implied in the series, has met with success in my work, since I have
unearthed for the reader the Holy Grail, that is, the illusive 13th
episode, symbol of Master J.C. himself. Seek, and thou shalt find!

Q: How long did it take you to research and write Fawlty Towers – The Worshipper’s Companion?

A: As
soon as the decision had been made to give Basil satisfaction in this
sublunary world, I applied myself to the task with the same dedication
as chroniclers of historically important people do when confronted with
an unusually talented individual. Only in this case I had the
additional advantage of operating in a hermetically sealed universe –
or so I believed.

With twelve unalterable episodes, each one a disciple of the Master,
and a few apocryphal commentaries collected from the net and various
publications, I realised that all I needed to do was to study every
scene of the shows with the same attention as a chess master
scrutinises every new position on the chess-board. I then applied my
analyses and commentaries to every new significant position, and it
turned out that practically every move in these games are worth
commenting upon. Besides, I only consider my modest contribution to the
Towers as a pioneering work to be continued, expanded and completed by
other researchers in the field.

As for
the practical side of this task, I took my time (at least a year or so)
to collect the material and make notes of everything I could come to
think of in relation to the theme. Most of the actual writing of the
book was then made during the summer of 2003, when I isolated myself in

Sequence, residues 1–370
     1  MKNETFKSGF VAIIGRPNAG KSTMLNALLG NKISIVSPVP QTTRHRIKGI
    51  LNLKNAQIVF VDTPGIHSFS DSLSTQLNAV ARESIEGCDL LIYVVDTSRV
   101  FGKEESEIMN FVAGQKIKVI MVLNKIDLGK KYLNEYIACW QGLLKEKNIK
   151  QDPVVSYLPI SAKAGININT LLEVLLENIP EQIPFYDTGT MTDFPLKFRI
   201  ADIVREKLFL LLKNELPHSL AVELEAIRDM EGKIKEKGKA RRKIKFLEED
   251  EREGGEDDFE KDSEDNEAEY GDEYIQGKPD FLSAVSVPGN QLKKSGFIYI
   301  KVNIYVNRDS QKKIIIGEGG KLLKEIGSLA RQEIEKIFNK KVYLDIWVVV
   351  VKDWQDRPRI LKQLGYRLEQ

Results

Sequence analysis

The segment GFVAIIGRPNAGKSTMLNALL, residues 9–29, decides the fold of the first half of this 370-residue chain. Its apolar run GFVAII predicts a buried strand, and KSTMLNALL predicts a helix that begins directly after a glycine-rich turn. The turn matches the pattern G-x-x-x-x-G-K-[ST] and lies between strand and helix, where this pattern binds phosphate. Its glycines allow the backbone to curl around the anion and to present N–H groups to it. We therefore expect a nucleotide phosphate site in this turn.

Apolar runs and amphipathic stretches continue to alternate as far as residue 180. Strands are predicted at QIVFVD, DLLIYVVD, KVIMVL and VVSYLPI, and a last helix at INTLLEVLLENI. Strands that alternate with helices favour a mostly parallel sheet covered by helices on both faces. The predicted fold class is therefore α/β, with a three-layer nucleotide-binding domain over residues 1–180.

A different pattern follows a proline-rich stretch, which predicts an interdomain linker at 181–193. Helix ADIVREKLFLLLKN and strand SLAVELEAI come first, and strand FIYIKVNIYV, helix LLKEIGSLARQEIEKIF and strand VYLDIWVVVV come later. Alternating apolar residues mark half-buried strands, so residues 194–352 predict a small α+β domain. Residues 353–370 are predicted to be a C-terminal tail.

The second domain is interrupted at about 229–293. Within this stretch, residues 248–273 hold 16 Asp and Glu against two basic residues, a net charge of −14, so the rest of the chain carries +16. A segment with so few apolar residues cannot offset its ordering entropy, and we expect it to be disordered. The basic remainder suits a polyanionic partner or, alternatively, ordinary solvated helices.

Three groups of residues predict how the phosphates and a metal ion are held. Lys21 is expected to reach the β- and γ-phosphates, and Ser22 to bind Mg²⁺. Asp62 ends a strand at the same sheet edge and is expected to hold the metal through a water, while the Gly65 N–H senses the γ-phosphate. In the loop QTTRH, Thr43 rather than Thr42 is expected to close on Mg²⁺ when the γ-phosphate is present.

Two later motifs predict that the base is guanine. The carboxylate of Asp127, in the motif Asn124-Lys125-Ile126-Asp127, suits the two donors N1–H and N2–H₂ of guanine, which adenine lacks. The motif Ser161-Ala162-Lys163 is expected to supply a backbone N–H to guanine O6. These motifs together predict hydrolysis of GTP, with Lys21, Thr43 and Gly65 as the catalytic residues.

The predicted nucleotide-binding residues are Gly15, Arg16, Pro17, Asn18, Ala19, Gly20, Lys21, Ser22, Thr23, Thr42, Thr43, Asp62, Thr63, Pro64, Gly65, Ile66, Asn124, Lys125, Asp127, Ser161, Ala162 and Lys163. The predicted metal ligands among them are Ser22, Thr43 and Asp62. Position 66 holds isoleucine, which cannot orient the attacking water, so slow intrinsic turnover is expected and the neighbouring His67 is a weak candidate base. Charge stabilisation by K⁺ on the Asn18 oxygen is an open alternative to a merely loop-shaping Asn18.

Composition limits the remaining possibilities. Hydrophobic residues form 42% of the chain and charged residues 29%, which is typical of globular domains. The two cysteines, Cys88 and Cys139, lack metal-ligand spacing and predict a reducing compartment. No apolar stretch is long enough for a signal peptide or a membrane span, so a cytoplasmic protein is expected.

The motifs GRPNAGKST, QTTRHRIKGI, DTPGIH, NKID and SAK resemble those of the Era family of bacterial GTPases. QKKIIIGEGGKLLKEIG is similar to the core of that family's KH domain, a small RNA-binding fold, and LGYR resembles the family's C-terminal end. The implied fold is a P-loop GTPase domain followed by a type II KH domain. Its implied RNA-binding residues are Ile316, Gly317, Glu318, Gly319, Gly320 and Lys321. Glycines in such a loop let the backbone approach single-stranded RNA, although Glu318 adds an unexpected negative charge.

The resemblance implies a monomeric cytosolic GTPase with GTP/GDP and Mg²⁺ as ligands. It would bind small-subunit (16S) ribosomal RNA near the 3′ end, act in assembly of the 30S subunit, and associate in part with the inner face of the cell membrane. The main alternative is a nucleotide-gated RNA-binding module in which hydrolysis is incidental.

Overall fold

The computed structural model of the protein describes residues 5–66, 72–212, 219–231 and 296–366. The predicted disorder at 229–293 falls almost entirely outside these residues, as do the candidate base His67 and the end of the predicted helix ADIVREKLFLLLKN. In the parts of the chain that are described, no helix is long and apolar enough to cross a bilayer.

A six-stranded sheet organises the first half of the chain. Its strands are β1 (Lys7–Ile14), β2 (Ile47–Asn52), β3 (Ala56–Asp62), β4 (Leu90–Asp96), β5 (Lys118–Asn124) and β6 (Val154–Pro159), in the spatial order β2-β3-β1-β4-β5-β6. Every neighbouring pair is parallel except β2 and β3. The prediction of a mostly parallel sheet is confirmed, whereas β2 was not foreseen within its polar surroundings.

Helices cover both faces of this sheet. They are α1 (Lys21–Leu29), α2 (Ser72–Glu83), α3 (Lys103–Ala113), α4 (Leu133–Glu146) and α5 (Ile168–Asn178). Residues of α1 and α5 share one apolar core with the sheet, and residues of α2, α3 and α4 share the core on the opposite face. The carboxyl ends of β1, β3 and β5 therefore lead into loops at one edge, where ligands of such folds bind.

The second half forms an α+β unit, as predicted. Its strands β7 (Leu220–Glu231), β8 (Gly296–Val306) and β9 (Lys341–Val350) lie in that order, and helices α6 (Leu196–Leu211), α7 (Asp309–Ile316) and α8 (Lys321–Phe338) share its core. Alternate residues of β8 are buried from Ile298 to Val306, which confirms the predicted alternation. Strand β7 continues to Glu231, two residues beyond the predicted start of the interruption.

a little cottage in Provence, sat down in the shade of oaks and instead
of observing nature in her loveliness and beauty, observed the rules of
an hermetic game taking place inside a box with a screen. It should be
added that I did not at that time have access to the actual episodes,
let alone to a TV. Most of the material was written from memory and
only later checked against the script and the shows themselves. The
script of the book was edited for publication in the fall of that same
year and released in March 2004.

Q:
Is the 13th episode, “The Robbers”, for real? If so, why do you think
it was never broadcast, even in later years as a TV special?

A: I
have absolutely no idea why the 13th episode, called The Robbers, has
never been aired. I only know that I saw it once in Bill Morton’s flat
not far from Piccadilly Circus on a particularly wet evening. Hadn’t it
been for this, I might myself have doubted the otherwise striking
authenticity of the script, reproduced in the book.

As things stand, I can only assure the reader that the show, as far as
I remember, was amazing. Rarely have I seen John Cleese and his crew
reach such continuous heights of sublime entertainment, and the only